A whimsical introduction to the many stories and ideas that surround seascapes, Imaginarium: Over the Ocean, Under the Sea presents tactile and interactive works that encourage discovery through exploration and play. At SAM at 8Q, young people are invited to comb the shores and navigate the deep where they make the acquaintance of mysterious denizens and underwater wonders. We hope that, as protectors of the future, our young visitors will also think about the impact we have on the natural world, and of how, through inventive and wise ideas, we can save our earth and its awe-inspiring oceans.
Yuree Kensaku | Mulyana | Krit Ngamson | Papermoon Puppet Theatre | Karina Smigla-Bobinski | Tan Zi Xi | Janice Wong
5 Stars: Art Reflects on Peace, Justice, Equality, Democracy and Progress
2 October 2015 - 5 June 2016 SAM
5 Stars: Art Reflects on Peace, Justice, Equality, Democracy and Progress is the Singapore Art Museum’s (SAM) salute to Singapore’s Golden Jubilee and the five stars on the Singapore flag, which represent universal humanist values.
In inviting and commissioning five art luminaries of the nation – Ho Tzu Nyen, Matthew Ngui, T.K. Sabapathy, Suzann Victor, and ZulkifleMahmod – to ponder and respond to each of the values, SAM gives scope to these extraordinary Singaporeans, whose life-long commitment to art as a discipline is inimitable and exemplary. Through the creative and curatorial process, these abstract, intangible concepts are made manifest, and each unique artistic expression and presentation offers nuanced and layered interpretations of the nation’s core values, which resonate with Singapore’s multifaceted, complex identity. New ‘thought-spaces’ unfold: from one island nation’s conscious reflections on its ideals, we recognise the humanist foundations of today’s world.
Engaging with these ‘big ideas’ through contemporary art, the 5 Stars exhibition is curated to encourage diverse individuals and audiences to come together to contemplate what these shared human ideals mean in the present day, and how they might continue to help us envision our futures.
The President’s Young Talents distinguishes itself from other art awards as it is the only mentoring and commissioning exhibition programme in Singapore. PYT recognises young artists whose practices chart new dimensions in contemporary art. Inaugurated by the Singapore Art Museum (SAM) in 2001, an independent committee comprising local art professionals and a SAM curator nominates a group of local artists, aged 35 and below, for the award, based on the depth of their practice, their potential for growth, and the contributions they would potentially make to the field of contemporary art. Each artist, working closely with mentors from the committee, will present newly commissioned work for the President’s Young Talents exhibition, which culminates in a Grand Prize winner and a People’s Choice awardee.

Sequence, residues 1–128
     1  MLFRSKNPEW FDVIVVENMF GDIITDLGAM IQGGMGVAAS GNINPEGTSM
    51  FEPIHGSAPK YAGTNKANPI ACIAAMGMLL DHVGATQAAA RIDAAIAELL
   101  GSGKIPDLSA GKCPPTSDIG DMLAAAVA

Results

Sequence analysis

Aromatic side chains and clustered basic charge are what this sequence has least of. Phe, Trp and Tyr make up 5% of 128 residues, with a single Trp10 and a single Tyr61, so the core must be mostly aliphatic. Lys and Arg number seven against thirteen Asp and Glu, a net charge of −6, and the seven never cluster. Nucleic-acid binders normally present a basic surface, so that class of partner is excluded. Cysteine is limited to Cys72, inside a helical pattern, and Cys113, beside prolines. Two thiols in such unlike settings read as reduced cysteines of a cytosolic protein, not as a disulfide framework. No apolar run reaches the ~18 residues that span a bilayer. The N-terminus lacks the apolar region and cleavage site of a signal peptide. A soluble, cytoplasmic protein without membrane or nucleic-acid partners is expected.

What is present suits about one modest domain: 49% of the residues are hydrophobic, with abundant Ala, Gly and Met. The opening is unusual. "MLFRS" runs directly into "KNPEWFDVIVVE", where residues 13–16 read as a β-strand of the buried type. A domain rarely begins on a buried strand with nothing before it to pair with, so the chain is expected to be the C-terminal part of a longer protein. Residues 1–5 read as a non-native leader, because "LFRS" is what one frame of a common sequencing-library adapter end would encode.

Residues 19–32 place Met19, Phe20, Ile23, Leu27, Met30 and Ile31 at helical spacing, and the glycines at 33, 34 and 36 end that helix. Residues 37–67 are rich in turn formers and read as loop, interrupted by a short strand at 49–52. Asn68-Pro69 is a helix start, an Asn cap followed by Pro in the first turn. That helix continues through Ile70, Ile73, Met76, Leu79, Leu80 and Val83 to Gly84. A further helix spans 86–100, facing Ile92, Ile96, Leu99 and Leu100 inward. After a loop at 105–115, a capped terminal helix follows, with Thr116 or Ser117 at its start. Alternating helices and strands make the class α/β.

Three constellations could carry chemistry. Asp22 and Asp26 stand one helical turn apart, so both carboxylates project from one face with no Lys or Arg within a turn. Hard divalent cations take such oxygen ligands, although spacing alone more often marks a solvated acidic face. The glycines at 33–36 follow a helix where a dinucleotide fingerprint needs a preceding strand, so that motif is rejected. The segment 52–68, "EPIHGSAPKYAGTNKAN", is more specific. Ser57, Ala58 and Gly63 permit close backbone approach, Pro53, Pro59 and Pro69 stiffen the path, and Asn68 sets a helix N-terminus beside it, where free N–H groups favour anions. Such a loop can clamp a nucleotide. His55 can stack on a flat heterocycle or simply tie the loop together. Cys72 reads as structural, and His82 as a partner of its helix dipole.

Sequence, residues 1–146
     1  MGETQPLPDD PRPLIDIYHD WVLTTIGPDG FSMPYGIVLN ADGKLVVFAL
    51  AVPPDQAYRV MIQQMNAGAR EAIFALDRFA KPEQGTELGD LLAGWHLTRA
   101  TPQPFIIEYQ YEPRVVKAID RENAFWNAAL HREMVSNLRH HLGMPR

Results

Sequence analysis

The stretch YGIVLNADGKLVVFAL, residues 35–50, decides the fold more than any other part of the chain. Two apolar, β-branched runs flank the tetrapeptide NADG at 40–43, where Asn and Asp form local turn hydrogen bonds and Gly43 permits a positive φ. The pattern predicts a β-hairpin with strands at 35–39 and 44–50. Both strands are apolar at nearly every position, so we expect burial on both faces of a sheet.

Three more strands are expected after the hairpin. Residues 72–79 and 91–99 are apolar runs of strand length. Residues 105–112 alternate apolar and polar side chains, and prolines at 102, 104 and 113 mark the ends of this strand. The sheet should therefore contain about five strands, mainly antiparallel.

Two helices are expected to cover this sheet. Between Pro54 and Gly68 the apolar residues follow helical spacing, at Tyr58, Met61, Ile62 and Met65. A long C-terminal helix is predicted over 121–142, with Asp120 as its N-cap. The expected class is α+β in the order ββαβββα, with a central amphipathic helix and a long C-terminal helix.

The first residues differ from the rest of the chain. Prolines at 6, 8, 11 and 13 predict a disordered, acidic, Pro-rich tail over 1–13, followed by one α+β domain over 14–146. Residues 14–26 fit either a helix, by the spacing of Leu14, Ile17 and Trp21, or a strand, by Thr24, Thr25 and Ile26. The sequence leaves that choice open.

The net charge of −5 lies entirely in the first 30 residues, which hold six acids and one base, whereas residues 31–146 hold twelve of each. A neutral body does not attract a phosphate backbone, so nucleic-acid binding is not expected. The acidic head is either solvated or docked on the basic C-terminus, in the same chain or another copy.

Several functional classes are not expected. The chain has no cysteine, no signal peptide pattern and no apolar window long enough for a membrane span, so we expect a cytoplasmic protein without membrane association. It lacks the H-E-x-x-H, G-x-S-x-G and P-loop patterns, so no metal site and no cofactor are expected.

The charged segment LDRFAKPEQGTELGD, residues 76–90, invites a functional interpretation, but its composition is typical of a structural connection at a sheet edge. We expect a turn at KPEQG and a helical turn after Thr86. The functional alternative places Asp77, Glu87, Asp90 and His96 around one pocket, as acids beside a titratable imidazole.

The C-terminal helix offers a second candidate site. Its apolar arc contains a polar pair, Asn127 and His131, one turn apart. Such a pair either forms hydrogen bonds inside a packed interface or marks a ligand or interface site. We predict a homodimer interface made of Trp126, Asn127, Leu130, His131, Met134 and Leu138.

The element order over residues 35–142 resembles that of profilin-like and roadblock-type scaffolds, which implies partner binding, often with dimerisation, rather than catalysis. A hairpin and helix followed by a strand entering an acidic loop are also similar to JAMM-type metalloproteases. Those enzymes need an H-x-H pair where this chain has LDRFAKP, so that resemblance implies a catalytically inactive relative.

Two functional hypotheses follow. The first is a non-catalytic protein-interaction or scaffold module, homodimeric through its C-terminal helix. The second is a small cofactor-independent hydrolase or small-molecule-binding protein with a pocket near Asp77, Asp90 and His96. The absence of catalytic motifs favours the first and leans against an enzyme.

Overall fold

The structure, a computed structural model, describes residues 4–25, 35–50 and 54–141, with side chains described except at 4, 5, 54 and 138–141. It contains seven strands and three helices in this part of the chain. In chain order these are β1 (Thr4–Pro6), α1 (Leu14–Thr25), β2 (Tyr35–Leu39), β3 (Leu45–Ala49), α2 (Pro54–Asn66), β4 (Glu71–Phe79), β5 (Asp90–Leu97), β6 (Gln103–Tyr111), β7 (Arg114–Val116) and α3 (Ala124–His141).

The list of finalists for this year’s President’s Young Talents are Ang Song Ming, Bani Haykal, Ezzam Rahman, Loo Zihan and Ong Kian Peng. Representing some of the most exciting strands in contemporary Singapore art, they will create works spanning the disciplines of performance, new media, sculpture and sound.
The 2015 exhibition coincides with Singapore’s SG50 Jubilee Year, and marks the sixth edition of the President’s Young Talents. Aptly, it recognises and celebrates the nation’s ever evolving spirit of artistic creation and innovation. Previous President’s Young Talents artists include Boo Junfeng, Heman Chong, Liao Jiekai, Charles Lim, Lim Tzay Chuen, Donna Ong, Tan Pin Pin and Vertical Submarine, among others, who have gone on to develop outstanding artwork, both within and beyond Singapore.
A survey of contemporary art from the Asia Pacific region, Time of Others features works of artists responding to social, historical and geopolitical concerns at this present juncture of living in a more interconnected world today, where notions of boundary, difference and Otherness have also become more complex.
Time of Others poses the paradoxical question of how we can authentically and meaningfully conceive, understand and engage with other cultural contexts of society, while residing within our own localities, and being part of a globalised world today. The exhibition presents contemporary artists from diverse regions whose works reflect on both individual and shared histories, cultural specificities, colonial legacies, as well as their subjectivities that shape our understanding of culture and identity today.